What happens in a few billionths of a billionth of a second? - Horizons lecture by Anne L'Huillier
2015 is the UN "International Year of Light - and light based technologies". What can we measure with short pulses and what can we learn that we don't already know?
About the lecture (held in English)
The shortest time interval produced and controlled by mankind is the duration of a light pulse of about 100 attoseconds, i.e. 10-16 s. This presentation introduces the physics of attosecond pulses generated when an intense laser interacts with a gas. It will also try to answer the question: "what can we measure with such short pulses and what can we learn that we don't already know?"
Refreshments will be served before the lecture, which starts at 15.15 pm, on Thursday 12th of November in VilVite (Thormøhlens Gate 51). Everybody is welcome!
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UNs International Year of Light - and light based technologies
2015 is the UN decleared International Year of Light - and light based technologies. It aims to raise global awareness about how light-based technologies promote sustainable development and provide solutions to global challenges in energy, education, agriculture and health. Attosecond light pulses are in this context the shortest man made light pulse, with a range of applications.
Professor Anne L’Huillier
After a theoretical education Anne L’Huillier decided to go into experimental atomic physics for her thesis, which she performed at the Commissariat à l’Energie Atomique in Saclay, on the subject of multiple ionization using intense laser fields. After this she took the opportunity to learn more about theory during postdoctoral studies in Gothenburg and in Los Angeles. She got a permanent position as researcher at the CEA in 1986. In 1987 she participated in an experiment where high harmonics were observed for the first time using a picosecond Nd:YAG laser system. She was so fascinated by the experiment and decided to devote her research to it (and still does 23 years later). In 1992 she came to collaborate on an experiment at the newly inaugurated highpower laser facility in Lund, which included one of the first femtosecond titanium-sapphire laser systems in Europe. She moved to Sweden in 1994, got a lecturer position in 1995 and a professorship in 1997. She has received numerous international awards for her work, and she is a member of the Swedish Academy of Sciences and the Nobel Committee in Physics.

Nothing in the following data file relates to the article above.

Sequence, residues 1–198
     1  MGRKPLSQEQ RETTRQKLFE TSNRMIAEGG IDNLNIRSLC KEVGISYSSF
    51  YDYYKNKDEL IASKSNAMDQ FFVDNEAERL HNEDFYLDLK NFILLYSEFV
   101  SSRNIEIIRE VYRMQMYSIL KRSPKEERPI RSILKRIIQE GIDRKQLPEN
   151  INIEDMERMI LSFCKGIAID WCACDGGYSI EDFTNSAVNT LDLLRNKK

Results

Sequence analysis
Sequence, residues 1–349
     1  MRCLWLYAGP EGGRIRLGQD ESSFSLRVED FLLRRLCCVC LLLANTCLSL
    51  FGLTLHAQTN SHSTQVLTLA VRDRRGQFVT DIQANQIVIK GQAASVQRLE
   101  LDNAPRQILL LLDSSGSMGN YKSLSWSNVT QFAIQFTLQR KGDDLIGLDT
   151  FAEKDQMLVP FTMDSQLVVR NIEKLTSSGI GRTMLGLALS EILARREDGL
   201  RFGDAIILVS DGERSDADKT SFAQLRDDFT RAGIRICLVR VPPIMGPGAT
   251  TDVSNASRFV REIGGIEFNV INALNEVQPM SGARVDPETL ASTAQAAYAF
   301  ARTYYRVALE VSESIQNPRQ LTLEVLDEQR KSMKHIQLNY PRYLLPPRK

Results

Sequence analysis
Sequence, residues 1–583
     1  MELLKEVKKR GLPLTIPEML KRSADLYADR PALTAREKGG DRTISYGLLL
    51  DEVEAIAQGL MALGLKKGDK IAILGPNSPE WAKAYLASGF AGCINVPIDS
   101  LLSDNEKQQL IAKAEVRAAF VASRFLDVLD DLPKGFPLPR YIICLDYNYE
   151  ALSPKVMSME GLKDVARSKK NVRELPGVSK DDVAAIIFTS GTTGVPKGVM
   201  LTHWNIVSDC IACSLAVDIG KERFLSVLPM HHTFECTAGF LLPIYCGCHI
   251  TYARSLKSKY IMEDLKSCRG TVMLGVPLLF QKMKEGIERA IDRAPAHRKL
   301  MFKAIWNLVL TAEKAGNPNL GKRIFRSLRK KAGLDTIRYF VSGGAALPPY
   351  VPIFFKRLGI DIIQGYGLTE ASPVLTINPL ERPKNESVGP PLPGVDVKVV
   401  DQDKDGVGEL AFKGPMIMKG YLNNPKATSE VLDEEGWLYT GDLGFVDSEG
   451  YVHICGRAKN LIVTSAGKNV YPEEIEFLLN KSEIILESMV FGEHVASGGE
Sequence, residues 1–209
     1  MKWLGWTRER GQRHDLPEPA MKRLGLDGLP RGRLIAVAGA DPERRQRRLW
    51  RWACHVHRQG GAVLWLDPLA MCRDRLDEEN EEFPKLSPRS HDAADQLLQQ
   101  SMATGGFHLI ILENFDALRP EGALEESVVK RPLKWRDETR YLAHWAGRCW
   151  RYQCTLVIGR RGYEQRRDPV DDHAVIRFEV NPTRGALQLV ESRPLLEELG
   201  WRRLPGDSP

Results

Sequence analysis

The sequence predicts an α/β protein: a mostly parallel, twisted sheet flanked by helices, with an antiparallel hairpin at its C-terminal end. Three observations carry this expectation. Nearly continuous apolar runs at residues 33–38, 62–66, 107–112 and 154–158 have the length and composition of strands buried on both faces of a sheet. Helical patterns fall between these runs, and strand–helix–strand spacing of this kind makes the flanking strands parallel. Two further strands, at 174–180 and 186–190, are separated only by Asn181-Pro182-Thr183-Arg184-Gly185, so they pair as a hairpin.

She now works at The Division of Atomic Physics at the Faculty of Engineering (LTH), Lund University, Sweden.